The last part of this series covers the northern part of our loop, including the Clarno Unit of John Day Fossil Beds National Monument.  Thanks for reading!

Sunset, John Day River Valley, central Oregon.

The San Juan Mountains   11 comments

An alpine lake high in the San Juan Mountains, Colorado.

An alpine lake high in the San Juan Mountains of Colorado.

The San Juan Mountains are my favorite mountain range in Colorado.  They are not the highest mountains in the state, though with six peaks surpassing 14,000 feet (4270 meters) in elevation they’re close.  It is the largest range in Colorado by area.  They slice spectacularly through the southwestern part of the state, forming a stunning Rocky Mountain landscape.

The major towns bordering the San Juans are Durango, Montrose and Alamosa.  Telluride, Creede and Silverton are smaller towns with historic, touristic and recreational personalities.  Hiking, mountain climbing & biking, horse-riding and white-water rafting are very popular, as are 4WD jeep rides.  There are four ski areas in the range, with Telluride being by far the biggest and most famous.  There are a plethora of summer homes and ranches, many owned by wealthy people.  Some are even famous (Tom Cruise is one).

The rugged San Juans in SW Colorado.

The rugged San Juans in SW Colorado.

William Henry Jackson, a photographer’s photographer

An intrepid photographer named William Henry Jackson, whom many of you might already know about, trekked through this range on his mission to document the best of the rugged American West in the late 1800s.  As part of the Hayden Expedition, he used pack animals and his own strong back to lug his large-format camera (complete with huge glass plates) up and down these steep mountains.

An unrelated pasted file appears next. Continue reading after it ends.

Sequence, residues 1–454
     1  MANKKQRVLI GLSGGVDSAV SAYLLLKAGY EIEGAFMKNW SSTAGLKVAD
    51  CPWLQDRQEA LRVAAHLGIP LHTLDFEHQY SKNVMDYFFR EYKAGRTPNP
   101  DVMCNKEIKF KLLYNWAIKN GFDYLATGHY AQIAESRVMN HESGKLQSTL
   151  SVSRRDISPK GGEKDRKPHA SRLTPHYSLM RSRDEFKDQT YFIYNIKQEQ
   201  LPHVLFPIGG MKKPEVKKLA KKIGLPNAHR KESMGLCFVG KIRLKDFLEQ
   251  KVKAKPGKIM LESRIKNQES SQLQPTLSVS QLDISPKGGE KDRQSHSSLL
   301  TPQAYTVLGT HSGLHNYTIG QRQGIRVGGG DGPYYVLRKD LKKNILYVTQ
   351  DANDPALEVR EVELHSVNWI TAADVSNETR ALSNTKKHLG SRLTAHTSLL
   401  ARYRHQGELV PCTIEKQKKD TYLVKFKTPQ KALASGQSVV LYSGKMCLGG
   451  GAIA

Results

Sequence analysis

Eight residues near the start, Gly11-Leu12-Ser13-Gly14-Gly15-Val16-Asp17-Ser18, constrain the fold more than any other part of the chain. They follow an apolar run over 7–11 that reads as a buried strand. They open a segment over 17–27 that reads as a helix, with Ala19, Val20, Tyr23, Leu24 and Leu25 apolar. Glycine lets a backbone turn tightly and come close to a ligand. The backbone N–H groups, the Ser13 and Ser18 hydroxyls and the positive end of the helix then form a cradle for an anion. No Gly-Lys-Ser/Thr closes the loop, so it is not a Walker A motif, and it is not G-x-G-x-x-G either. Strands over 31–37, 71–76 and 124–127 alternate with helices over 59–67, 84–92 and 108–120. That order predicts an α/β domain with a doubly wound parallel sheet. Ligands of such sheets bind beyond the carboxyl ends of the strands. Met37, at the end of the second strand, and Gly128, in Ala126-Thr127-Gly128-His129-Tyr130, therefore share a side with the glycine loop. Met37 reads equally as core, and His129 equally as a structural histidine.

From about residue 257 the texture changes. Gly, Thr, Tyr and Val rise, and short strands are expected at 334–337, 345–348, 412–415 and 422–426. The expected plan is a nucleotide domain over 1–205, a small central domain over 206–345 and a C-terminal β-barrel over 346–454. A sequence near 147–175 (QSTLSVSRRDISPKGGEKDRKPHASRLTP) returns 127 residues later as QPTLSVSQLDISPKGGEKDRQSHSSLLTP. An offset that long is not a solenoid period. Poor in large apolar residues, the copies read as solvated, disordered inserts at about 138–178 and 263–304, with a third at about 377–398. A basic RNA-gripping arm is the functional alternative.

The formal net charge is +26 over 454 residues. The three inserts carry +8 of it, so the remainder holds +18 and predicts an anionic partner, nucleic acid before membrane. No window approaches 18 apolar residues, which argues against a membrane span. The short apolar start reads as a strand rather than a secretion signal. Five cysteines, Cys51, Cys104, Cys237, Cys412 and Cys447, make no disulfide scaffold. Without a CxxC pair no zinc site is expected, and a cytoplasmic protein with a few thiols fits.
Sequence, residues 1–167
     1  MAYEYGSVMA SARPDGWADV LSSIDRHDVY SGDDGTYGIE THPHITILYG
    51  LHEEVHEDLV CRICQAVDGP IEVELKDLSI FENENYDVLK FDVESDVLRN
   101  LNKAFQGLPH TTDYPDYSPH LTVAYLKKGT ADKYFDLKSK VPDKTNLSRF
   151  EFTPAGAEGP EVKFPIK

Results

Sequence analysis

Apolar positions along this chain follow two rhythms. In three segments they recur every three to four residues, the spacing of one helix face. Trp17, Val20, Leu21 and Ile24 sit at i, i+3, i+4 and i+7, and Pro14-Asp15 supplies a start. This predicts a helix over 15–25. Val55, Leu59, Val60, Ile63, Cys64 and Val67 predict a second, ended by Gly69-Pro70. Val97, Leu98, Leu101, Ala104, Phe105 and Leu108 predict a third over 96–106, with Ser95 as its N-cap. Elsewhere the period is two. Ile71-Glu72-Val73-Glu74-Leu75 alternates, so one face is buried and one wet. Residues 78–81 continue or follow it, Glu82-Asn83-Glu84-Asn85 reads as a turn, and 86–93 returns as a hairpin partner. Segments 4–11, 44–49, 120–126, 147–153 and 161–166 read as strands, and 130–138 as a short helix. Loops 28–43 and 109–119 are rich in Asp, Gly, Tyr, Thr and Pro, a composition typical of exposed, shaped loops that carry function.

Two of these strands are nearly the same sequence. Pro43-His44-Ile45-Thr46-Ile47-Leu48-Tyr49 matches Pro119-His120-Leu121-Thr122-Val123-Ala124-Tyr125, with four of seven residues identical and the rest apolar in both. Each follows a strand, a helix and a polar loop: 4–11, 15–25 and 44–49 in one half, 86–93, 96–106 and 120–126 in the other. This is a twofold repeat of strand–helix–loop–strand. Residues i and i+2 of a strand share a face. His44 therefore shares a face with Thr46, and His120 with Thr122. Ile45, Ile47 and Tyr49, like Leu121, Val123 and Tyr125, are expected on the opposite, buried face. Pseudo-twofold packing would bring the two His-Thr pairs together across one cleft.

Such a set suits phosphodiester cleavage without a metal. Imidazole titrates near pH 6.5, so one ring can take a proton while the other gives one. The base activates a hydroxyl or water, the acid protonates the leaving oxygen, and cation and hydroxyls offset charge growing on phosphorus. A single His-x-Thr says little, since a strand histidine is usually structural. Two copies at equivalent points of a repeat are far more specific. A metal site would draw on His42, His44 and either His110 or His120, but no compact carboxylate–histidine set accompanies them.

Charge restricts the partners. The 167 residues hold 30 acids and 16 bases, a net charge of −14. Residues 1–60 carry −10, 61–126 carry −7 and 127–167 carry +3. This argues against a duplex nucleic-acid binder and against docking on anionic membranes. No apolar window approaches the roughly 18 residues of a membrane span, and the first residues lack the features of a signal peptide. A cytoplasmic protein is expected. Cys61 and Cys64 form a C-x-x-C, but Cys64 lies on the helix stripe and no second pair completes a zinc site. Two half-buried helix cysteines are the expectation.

He set up make-shift tents that served as darkrooms, developing his prints often on the very summits of the mountains.  All in all he made about 300,000 black and white pictures.  These images, reproduced in newspapers in cities worldwide, played a large part in forming an idyllic image of the American West in the minds of those looking for new opportunity.  The call of “Go West young man!” now had superb pictures to go with it, and the mass migration soon followed!

Ranch land at the foot of the San Juan Mountains.

Ranch land at the foot of the San Juan Mountains.

 

Geology

The San Juans are a large western branch the Rocky Mountains.  Like the rest of the chain, they formed by the uplift and buckling of a large pile of older sedimentary and volcanic rocks during the late Cretaceous (the dinosaurs went extinct at the end of the Cretaceous, 65 million years ago).  This massive crustal “squish” happened because of a collision between two huge chunks of Earth’s crust: the Pacific and North American Plates.

Some of the highest and most rugged peaks in the San Juans are made of very hard igneous intrusions (granite is an example) that resist erosion.  These so-called plutons were intruded as the mountain building process got going.  Many of the flat-lying layers of sedimentary rocks forming the canyon walls of the adjacent Colorado Plateau lap up onto the San Juans.  There they take on a different look, being strongly deformed by folding and faulting.

Ouray, Colorado is a small town situated in a spectacular spot.

Ouray, Colorado is a small town situated in a spectacular spot.

Hard sedimentary rocks like quartzite, which is metamorphosed (heated and changed) sandstone, form prominent peaks and cliffs because quartzite is hard like the plutonic intrusions.  Other sedimentary rocks, such as the mudstones and sandstones of the dinosaur fossil-bearing Morrison Formation, typically form the rubbly slopes bordering the peaks.  Many valleys and canyons follow faults.  Ouray, Colorado lies at the base of a steep grade because of the E-W trending Ouray Fault.